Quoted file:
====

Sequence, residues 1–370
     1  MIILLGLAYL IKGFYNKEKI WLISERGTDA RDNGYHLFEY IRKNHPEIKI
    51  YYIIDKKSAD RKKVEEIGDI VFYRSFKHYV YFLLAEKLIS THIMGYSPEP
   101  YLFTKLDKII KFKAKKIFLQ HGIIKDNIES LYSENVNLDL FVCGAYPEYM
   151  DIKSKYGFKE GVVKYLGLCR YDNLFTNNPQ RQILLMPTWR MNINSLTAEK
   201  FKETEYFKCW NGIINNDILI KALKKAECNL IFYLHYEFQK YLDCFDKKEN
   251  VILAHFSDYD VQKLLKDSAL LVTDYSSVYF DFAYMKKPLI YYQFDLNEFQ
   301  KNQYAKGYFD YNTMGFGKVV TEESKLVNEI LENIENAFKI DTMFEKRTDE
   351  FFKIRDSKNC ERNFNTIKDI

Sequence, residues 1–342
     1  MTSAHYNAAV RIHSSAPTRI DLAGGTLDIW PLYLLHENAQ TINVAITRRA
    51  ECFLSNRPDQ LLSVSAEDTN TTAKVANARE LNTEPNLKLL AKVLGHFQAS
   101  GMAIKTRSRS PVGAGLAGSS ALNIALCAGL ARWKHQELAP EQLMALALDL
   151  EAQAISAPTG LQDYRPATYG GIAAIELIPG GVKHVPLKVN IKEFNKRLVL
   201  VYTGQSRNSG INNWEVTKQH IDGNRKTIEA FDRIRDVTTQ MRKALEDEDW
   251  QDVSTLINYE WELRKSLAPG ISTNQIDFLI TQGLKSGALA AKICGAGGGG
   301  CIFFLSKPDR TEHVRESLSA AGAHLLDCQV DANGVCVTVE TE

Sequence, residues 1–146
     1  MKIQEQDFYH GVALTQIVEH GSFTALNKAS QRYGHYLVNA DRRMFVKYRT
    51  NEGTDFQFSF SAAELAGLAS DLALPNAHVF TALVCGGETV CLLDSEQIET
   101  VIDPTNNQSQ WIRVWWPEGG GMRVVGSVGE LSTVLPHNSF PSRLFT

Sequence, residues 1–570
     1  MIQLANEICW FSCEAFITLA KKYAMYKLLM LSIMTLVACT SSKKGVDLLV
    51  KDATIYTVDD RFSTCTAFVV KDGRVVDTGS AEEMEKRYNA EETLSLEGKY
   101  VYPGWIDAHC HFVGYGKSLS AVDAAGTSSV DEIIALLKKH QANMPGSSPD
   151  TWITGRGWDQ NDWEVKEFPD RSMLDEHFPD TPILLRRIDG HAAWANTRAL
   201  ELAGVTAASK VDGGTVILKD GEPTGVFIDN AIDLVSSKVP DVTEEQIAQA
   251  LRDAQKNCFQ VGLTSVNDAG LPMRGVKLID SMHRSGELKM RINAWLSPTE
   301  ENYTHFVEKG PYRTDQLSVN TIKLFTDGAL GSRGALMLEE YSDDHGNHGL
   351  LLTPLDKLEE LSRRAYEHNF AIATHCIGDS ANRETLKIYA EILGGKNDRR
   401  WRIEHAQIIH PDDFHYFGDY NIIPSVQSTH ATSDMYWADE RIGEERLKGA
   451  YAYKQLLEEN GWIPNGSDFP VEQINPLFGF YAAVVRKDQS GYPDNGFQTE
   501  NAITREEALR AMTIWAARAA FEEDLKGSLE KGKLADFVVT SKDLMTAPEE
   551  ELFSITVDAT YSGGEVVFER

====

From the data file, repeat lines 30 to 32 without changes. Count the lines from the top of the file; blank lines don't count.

   351  LLTPLDKLEE LSRRAYEHNF AIATHCIGDS ANRETLKIYA EILGGKNDRR
   401  WRIEHAQIIH PDDFHYFGDY NIIPSVQSTH ATSDMYWADE RIGEERLKGA
   451  YAYKQLLEEN GWIPNGSDFP VEQINPLFGF YAAVVRKDQS GYPDNGFQTE